Partridge Formation (Ordovician)
Partridge Formation - Dull gray to sooty black carbonaceous slate and phyllite; mostly fissile, but locally massive and tough. Contains a few beds of both schistose and massive soda-rhyolite tuff (not shown on map). (Northeastern Vermont).
Pinney Hollow Formation (Cambrian)
Pinney Hollow Formation - Pale green quartz-sericite (muscovite-paragonite)-chlorite phyllite and schist with abundant magnetite, chloritoid phyllite and schist, quartz-sericite-albite-chlorite schist, and rare beds of carbonaceous and schistose quartzite; garnet porphyroblasts common south of Ottauquechee River. (Southern and Central Vermont).
Pinney Hollow Formation, carbonaceous phyllite and schist (Cambrian)
Pinney Hollow Formation, carbonaceous phyllite and schist. (Southern and Central Vermont).
St. Catherine Formation (Cambrian)
St. Catherine Formation - Purple, gray-green, and variegated slate and phyllite containing minor interbeds of white to green quartzite; locally albitic. Purple and green chloritoid-bearing slate and phyllite is within dashed line in northern Taconic Range, but not separated farther south.
Stowe Formation (Cambrian-Ordovician)
Stowe Formation - Quartz-sericite (muscovite-paragonite)-chlorite phyllite and schist; porphyroblasts of albite, garnet, chloritoid, or kyanite common locally; includes phyllitic graywacke north of Lamoille River. Schist contains abundant segregations of granular white quartz. The Stowe Formation in the study are contains two unnamed members: a silvery green schist and a greenstone. The schist is a fine-grained, silvery to dark green quartz-muscovite-albite-chlorite schist. It is in fault contact with the black phyllite of the Ottauquechee Formation. The greenstone is a homogenous, fine-grained, light green actinolite-albite-epidote-calcite-chlorite schist. Large outcrops of the resistant greenstone are common. Age according to map symbols is Proterozoic and Cambrian. Unit is correlated with the Rowe Schist (of Zen, 1983). [Rowe Schist on 1983 MA map is Cambrian and Ordovician. No explanation here for older age.] (Walsh, 1992).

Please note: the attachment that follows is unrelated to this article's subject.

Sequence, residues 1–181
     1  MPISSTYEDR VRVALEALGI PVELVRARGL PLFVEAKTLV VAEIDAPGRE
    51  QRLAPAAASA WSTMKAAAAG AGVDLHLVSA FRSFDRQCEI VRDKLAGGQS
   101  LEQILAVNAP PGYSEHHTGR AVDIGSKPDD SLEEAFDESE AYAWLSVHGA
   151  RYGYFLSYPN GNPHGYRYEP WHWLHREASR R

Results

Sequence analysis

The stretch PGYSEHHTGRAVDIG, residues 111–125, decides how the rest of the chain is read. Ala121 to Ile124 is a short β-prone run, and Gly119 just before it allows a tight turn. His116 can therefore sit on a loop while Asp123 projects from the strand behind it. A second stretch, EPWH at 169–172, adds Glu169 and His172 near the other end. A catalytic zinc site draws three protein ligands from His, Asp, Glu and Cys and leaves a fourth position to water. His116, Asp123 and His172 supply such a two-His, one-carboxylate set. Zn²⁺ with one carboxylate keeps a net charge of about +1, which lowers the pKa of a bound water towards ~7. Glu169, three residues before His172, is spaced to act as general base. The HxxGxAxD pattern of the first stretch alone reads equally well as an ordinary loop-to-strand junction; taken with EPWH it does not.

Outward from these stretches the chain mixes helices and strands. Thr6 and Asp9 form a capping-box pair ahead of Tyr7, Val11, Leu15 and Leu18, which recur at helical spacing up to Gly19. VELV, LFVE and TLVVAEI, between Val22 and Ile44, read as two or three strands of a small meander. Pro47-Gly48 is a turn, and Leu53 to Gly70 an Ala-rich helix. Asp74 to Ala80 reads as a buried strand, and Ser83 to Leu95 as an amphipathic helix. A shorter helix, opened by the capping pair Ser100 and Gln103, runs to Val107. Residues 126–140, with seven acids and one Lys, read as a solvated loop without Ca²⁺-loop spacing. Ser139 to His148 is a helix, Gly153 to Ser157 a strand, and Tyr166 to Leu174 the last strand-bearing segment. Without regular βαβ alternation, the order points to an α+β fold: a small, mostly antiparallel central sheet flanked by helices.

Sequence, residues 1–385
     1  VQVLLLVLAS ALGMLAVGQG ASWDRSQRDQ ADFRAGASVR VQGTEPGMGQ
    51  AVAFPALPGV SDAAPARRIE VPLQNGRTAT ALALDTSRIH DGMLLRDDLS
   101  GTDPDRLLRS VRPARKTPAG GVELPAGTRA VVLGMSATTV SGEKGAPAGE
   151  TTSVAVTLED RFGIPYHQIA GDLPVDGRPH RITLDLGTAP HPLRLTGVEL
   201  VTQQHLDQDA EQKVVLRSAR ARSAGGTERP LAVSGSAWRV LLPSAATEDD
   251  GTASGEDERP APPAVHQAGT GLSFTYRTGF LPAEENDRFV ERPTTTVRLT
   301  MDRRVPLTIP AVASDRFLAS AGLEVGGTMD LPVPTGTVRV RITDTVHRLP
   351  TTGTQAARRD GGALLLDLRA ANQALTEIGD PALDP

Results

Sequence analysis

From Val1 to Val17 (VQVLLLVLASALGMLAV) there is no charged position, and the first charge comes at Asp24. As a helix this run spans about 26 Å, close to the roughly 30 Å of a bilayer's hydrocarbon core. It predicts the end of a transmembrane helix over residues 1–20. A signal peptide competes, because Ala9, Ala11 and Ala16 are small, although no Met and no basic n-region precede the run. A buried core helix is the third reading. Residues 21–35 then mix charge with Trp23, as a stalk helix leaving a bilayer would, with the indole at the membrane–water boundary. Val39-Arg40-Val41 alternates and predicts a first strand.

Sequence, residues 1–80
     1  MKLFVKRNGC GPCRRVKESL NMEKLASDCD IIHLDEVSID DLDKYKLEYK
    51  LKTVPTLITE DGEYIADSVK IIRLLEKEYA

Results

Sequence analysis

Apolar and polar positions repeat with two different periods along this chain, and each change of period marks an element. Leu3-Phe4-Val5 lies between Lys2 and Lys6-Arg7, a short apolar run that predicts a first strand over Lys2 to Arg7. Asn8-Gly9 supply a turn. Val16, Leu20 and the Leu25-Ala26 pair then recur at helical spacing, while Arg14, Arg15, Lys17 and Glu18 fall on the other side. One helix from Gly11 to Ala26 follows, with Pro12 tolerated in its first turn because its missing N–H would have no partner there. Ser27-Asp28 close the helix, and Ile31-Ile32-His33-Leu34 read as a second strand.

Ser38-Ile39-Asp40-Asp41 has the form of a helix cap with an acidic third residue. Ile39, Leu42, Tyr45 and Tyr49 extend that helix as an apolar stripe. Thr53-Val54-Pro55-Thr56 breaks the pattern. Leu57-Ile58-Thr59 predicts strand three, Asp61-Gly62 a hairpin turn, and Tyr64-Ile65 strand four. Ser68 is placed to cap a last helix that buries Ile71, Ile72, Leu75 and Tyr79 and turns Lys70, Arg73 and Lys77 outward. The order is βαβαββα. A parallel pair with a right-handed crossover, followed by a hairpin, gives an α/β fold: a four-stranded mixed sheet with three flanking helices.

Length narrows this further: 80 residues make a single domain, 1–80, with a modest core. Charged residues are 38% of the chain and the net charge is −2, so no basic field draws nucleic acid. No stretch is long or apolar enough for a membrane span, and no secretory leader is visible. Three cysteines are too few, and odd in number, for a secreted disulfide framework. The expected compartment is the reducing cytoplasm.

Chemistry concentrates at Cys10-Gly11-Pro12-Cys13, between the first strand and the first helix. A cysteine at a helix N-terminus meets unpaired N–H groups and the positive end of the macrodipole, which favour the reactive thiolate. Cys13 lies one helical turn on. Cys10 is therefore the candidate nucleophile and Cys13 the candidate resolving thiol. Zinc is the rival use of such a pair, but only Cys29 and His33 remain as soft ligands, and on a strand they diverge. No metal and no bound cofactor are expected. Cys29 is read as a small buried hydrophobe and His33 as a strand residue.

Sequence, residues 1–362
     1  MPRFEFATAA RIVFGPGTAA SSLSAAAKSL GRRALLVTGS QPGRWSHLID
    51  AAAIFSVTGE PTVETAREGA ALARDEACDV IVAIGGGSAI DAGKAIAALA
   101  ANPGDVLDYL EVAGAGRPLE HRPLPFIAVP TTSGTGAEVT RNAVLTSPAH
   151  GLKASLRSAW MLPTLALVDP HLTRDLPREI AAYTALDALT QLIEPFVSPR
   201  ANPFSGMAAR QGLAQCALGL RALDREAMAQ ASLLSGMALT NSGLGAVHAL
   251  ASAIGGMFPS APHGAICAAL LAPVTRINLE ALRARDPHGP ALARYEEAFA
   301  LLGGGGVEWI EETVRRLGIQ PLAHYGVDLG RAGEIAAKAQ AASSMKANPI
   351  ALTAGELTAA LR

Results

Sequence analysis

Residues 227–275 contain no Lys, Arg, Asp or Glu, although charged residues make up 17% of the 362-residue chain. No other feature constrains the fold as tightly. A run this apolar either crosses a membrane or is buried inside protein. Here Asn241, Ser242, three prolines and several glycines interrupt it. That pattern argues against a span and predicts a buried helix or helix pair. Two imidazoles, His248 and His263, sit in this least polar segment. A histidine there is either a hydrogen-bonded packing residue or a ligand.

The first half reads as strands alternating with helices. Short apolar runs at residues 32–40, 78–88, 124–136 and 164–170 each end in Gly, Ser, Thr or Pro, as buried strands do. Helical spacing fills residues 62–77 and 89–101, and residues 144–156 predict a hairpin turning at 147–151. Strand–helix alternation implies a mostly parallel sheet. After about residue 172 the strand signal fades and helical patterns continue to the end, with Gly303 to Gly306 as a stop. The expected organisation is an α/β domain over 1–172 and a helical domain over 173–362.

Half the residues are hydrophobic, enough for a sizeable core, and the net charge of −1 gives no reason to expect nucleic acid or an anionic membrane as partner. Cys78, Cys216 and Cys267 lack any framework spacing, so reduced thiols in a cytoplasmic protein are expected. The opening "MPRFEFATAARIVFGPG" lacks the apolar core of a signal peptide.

Stowe Formation, carbonaceous schist and phyllite (Cambrian-Ordovician)
Stowe Formation, carbonaceous schist and phyllite - north of Lamoille River. Occurs in several small areas to the south, not shown on map.
Tyson Formation (Cambrian)
Tyson Formation - Feldspathic quartz-mica schist containing biotite, chlorite, and carbonate; many beds contain pebbles of quartz and feldspar; cobble or boulder conglomerate commonly at base; thin beds of quartzite, carbonaceous phyllite, and schistose dolomite in upper part, overlain at top by massive buff dolomite as much as 30 ft thick. (Southern and Central Vermont). The Tyson Formation contains grits and conglomerates at its base that unconformably overlie basement. The conglomerates and grits are as much as 150 m thick and contain lenses of dolomitic quartzite and feldspathic grit. Unit also contains black carbonaceous phyllite and interbedded dolostone as much as 100 m thick, followed by beige to tan weathering beds of dolostone that increase in abundance toward the top of the unit and pass into punky weathering dolomitic and feldspathic quartzite at the top. From a point near the southwest corner of the Andover quad, the rocks of the Tyson Formation are laterally replaced by albitic schists and granofels of the Hoosac Formation to the south. Therefore, Tyson laterally replaces the Hoosac from south to north along the eastern margin of the Green Mountain massif. The Tyson Formation is of Late Proterozoic(?) and Early Cambrian age (Ratcliffe, 1994).
Underhill Formation (Cambrian)